"It's definitely a great way to have everything kicked off with a new team," Jackson said after the game, with his phone ringing in the background, presumably with words of congratulations. "I've been through a lot of ups and a lot of downs."
Over the past three years, Jackson has bounced among four Major League teams. He went from being a starter to being used in the bullpen. He went from a 2.91 ERA as a reliever with the Cubs in 2014 to a 7.02 ERA across two Minor League levels with the Marlins and Padres this season.
In his first opportunity to get back into the starting rotation with San Diego, he flashed back to a 2010 season when he no-hit the Rays and started 32 games with the D-backs and the White Sox.
Sunday's win was Jackson's first as a starter since Aug. 3, 2014. It was also a confirmation of what he's been telling himself for a while now.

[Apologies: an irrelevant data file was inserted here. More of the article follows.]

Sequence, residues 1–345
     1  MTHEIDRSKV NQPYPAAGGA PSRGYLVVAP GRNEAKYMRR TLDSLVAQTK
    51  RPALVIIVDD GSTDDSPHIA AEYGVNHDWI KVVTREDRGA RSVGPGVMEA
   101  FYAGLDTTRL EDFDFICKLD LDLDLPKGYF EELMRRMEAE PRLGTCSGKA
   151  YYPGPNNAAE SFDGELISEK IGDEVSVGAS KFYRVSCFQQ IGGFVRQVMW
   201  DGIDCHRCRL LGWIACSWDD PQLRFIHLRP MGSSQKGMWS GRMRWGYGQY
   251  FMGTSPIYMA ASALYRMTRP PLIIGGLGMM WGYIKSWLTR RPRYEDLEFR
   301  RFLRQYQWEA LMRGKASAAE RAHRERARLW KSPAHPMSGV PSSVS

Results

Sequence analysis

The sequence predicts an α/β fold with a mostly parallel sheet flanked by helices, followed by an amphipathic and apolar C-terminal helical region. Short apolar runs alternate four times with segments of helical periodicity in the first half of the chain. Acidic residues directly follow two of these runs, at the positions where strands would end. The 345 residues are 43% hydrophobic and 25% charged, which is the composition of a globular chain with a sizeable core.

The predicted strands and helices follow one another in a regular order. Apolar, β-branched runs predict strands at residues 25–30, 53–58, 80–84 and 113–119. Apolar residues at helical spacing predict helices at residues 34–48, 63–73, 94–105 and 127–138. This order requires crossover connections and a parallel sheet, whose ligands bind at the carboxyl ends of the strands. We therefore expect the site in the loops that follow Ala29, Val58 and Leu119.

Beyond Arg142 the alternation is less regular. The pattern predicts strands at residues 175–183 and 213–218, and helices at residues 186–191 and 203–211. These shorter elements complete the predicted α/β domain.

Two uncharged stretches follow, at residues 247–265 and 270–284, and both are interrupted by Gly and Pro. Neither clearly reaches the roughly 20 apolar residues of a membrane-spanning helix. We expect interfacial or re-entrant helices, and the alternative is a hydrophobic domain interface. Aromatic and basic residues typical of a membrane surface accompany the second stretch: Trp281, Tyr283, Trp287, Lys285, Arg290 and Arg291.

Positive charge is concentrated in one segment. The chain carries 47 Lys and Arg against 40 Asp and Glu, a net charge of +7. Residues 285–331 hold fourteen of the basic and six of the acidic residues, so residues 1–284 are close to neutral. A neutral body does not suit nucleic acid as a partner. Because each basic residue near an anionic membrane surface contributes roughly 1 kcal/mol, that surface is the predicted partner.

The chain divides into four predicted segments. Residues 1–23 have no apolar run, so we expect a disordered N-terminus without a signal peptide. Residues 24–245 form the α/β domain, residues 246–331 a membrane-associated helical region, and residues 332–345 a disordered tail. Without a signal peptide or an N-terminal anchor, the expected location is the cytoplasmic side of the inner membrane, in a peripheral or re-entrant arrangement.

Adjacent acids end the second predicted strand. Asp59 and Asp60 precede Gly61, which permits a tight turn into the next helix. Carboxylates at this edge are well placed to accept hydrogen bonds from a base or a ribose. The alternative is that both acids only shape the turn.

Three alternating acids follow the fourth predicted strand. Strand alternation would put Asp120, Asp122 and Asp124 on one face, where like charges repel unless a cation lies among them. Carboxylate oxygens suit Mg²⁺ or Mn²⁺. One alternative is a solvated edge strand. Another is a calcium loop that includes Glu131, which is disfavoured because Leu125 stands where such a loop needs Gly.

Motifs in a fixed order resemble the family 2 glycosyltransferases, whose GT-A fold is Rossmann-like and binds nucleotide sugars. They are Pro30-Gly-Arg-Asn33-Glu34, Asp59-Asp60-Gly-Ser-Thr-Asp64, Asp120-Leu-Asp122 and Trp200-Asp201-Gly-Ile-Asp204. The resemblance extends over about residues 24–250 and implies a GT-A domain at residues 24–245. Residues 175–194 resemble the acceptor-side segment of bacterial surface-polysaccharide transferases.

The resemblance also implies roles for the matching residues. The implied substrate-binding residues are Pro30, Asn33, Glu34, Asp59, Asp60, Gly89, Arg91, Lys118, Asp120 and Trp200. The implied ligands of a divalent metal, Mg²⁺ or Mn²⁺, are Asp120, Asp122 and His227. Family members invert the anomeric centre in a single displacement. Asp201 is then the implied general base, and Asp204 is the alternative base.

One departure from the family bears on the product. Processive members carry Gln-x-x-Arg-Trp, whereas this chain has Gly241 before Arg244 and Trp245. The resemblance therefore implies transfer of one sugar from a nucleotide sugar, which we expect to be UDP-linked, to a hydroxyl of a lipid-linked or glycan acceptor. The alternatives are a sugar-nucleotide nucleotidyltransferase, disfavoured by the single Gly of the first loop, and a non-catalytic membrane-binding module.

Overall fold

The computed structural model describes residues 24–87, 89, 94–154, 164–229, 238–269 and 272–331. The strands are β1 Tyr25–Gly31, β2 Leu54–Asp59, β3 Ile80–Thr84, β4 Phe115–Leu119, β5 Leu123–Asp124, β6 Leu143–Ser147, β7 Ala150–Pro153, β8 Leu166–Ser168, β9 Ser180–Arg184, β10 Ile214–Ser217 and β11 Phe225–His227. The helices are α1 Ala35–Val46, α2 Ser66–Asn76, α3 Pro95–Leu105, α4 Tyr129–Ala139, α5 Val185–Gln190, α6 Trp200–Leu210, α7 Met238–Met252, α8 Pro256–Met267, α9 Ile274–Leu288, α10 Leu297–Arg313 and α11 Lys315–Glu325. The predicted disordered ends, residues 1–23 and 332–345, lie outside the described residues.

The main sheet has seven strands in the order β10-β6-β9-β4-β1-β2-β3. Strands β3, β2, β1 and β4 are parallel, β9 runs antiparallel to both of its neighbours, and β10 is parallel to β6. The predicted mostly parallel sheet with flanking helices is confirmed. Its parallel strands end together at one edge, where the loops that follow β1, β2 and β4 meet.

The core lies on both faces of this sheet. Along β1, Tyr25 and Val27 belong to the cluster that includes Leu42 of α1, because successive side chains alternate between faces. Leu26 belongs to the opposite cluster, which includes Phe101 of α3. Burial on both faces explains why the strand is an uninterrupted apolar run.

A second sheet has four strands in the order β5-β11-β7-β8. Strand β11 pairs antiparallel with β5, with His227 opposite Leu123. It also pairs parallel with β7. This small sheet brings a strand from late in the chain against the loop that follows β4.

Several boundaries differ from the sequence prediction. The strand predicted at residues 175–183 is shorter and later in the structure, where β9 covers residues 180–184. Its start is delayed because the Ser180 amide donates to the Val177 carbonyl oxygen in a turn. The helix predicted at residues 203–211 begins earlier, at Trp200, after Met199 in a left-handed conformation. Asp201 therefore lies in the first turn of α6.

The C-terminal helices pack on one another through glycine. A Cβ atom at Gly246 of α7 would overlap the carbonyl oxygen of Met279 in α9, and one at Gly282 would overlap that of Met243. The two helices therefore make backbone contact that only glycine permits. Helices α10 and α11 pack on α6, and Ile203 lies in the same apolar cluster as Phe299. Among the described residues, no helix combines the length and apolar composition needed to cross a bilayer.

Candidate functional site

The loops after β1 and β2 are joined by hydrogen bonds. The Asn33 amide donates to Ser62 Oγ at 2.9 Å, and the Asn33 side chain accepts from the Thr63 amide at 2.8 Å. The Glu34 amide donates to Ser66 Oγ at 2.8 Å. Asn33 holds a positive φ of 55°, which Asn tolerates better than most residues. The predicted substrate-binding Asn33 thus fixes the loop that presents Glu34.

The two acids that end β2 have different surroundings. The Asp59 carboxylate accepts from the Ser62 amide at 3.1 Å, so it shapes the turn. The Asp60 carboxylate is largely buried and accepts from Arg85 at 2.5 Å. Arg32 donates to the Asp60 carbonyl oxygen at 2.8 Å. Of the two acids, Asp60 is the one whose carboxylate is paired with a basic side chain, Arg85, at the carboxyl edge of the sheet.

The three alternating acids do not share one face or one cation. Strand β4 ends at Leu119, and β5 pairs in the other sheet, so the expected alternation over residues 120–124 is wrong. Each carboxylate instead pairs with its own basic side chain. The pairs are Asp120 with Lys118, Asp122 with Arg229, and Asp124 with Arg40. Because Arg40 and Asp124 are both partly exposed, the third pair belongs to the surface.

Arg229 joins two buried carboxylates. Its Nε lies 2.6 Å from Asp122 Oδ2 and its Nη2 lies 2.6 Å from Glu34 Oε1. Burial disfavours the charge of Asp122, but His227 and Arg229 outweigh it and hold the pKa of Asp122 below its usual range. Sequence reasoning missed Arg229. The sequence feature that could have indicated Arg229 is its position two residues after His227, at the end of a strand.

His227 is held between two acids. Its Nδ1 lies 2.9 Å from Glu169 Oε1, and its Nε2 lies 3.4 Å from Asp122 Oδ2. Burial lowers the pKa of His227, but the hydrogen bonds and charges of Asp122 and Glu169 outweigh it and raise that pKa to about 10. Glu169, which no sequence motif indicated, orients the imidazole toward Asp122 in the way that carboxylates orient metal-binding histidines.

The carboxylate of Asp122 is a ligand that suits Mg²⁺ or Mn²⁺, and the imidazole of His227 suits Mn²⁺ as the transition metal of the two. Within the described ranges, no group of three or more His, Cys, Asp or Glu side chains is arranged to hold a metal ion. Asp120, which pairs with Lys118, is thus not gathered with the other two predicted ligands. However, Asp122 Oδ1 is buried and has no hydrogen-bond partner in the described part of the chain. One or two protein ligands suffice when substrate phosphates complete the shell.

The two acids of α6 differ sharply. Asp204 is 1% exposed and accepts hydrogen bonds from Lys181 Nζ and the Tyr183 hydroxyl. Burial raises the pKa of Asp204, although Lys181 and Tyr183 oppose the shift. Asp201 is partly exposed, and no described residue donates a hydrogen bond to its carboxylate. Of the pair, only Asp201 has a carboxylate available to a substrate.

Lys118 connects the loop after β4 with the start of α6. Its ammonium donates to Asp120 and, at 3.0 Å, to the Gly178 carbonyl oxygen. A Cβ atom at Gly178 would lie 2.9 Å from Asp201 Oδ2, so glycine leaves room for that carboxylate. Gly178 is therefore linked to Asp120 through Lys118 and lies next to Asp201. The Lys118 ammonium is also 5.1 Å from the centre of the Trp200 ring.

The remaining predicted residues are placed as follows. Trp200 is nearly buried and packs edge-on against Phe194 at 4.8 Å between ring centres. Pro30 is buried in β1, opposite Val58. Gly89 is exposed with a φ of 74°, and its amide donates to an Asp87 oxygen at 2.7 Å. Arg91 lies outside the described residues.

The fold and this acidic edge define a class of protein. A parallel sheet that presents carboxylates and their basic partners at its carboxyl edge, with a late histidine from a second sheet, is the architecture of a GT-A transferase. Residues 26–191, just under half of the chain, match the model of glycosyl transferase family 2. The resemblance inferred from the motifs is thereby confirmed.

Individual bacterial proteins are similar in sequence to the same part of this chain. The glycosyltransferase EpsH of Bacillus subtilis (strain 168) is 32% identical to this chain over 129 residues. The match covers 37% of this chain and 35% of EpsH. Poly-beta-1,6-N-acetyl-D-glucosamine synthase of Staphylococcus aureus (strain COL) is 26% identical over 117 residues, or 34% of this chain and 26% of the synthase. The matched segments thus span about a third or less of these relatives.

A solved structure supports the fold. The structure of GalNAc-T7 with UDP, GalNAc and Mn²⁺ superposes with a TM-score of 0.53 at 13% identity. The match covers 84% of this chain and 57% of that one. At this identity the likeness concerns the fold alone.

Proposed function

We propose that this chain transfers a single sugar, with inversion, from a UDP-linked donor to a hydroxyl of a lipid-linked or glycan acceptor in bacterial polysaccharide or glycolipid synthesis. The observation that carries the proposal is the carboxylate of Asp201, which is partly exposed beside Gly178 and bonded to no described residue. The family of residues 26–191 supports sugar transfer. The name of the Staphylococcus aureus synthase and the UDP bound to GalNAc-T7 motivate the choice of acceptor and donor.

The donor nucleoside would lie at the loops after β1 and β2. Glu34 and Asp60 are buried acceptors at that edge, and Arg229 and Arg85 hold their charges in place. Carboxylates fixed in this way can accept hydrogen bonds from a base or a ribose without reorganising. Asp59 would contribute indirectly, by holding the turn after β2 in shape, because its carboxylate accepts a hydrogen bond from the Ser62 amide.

"I know I have life still in my arm," said Jackson, who has started for nine teams, the most among active Major League pitchers. "I know my abilities, I know what I can do. I've been telling people a long time, I still feel like I have a lot on the table.
"I still think I'm in my prime and I still think I have a lot to offer."
Jackson offered plenty Sunday, with two hits and an RBI to go along with his 6 1/3 innings on the mound, where the only hit he allowed just happened to be a three-run homer.
"I mean, he's great," said Padres catcher Christian Bethancourt, who played with Jackson with the Braves last season. "It's a new window for him, new opportunity here now with the Padres. ... I think he's off on the right foot."
Jackson agreed it was a nice way to join the team, but he isn't going to be lingering on this outing -- what was just eight outs short of becoming his second career no-hitter.
He's going to keep trying to prove he belongs here.
"The tenacity is there, the perseverance is there," Jackson said. "I believe in what I can do. I've always believed in what I can do. It's just a matter of going out and proving it once you get in between the lines."
Carlos Collazo is a reporter for MLB.com based in San Diego. Follow him on Twitter @CarlosACollazo. This story was not subject to the approval of Major League Baseball or its clubs.